It’s been a minute. I know. A lot has been going on. One thing I was able to do, Friday, May 30th, on the final night of Miami dilly dallying around with the Pacers, was to check out the work of actor/director/poet/renaissance man Mecca aka Grimo. Mecca, also known as the Haitian Hulk, represents Haiti to the fullest, much in the same fashion as Howard wished he could in North of the Grove. The screening was at the Little Haiti Cultural Center in Little Haiti (this is how you represent your culture, in the community, using community resources, bam!). Mecca and south Florida film enthusiast Michelle McKoy served as hosts. By the way, the auditorium there is beautiful, one of the many underutilized gems in black communities in South Florida.
I was able to drop in and check out the independent films “And I On the Opposite Shore” starring Mecca aka Grimo Marcelin, Madeystsha Altidor Lamarre and Skylar Rose Samuels. It won in the category of Best Short Short at the Harlem International Film Festival 2012. It dealt with the experimental portrayal of a couple’s fate dealing with each other in opposing sides of a socio-economic spectrum.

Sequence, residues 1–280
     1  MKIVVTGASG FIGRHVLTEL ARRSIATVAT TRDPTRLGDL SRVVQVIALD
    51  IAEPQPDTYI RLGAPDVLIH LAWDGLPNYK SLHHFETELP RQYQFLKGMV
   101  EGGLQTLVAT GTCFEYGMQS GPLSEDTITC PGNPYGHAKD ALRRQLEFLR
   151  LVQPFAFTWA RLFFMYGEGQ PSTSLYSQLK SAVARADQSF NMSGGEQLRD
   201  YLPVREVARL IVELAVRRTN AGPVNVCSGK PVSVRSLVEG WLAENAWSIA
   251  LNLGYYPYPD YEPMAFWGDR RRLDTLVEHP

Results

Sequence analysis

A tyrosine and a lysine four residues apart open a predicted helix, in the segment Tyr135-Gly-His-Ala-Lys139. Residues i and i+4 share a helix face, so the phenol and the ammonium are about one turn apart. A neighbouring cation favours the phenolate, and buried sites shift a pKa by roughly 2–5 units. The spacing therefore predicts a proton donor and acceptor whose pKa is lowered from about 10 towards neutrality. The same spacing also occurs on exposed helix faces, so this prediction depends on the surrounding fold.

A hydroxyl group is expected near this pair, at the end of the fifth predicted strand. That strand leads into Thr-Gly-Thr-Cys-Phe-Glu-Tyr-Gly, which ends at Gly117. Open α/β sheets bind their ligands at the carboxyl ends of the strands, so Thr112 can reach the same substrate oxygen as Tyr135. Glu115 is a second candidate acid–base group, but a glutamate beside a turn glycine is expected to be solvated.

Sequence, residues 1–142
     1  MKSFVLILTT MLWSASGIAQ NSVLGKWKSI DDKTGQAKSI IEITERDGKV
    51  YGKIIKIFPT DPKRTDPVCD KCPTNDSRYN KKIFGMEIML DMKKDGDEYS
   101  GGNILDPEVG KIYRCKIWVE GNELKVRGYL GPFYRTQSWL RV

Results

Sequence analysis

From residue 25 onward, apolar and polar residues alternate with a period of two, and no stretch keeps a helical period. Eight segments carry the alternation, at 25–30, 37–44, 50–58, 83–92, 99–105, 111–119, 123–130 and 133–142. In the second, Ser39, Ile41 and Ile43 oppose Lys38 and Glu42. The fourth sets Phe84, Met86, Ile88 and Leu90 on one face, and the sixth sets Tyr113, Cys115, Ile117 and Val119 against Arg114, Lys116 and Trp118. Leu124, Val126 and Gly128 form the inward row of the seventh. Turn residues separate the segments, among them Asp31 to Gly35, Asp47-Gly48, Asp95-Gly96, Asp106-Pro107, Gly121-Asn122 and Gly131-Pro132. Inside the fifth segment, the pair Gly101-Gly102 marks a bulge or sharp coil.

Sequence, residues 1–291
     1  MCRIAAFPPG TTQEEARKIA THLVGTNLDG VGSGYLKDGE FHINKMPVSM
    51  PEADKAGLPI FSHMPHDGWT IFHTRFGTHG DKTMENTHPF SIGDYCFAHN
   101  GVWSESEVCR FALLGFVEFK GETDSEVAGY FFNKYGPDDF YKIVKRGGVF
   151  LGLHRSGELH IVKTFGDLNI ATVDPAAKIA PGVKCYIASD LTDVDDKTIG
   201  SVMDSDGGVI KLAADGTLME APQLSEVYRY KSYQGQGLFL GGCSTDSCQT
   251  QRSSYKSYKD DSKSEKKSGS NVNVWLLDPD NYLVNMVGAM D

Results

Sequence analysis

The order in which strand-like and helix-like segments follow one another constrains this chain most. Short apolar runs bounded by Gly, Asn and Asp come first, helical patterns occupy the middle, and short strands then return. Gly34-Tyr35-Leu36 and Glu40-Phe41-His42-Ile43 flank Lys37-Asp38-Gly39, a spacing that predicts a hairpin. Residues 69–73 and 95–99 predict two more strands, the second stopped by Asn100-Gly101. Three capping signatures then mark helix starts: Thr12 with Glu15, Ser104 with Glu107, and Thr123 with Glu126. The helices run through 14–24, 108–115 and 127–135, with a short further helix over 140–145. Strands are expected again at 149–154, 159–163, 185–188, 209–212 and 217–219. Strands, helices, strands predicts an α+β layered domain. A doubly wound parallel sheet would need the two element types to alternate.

Next up was “Kidnappings.” The film focuses on Mario (Herman McGloun) after he is deported back to his native country of Haiti, where he finds himself in a bloody, multilayered web of intrigue along the beautiful backdrop of Haiti. Things begin to look better when Mario coincidentally meets up with an old friend, Jacques (Mecca aka Grimo) who happens to be a major shot caller in Haiti’s flourishing kidnapping industry.
Mecca made his intentions clear that, he promotes Haiti’s progressiveness and that the criminal character he plays in the movie is an artistic exploration and nothing more. Yes, the kidnapping/extortion story the film depicts, although once an issue in Haiti, is not the case now. Mecca seemed to really struggle with being seen as someone compromising their beliefs. My FMU colleague Russell Motley was there and assures him that there was no need for Mecca to have misgivings about the surprisingly well-executed film.
I have to say that I like seeing artists give enough of a damn about what they put into the universe to have that kind of struggle within themselves. People seem willing to sell themselves out for anything these days. I’m sure the overall body of Mecca’s work will speak for itself, as I intend for mine to do as well. It was a good night to see an artist so passionate about their culture during Haitian Heritage Month. It was also a good night to see the Heat beat that ass and move on to the Spurs. #threepeat
McKoy, kicking back in the auditorium control room.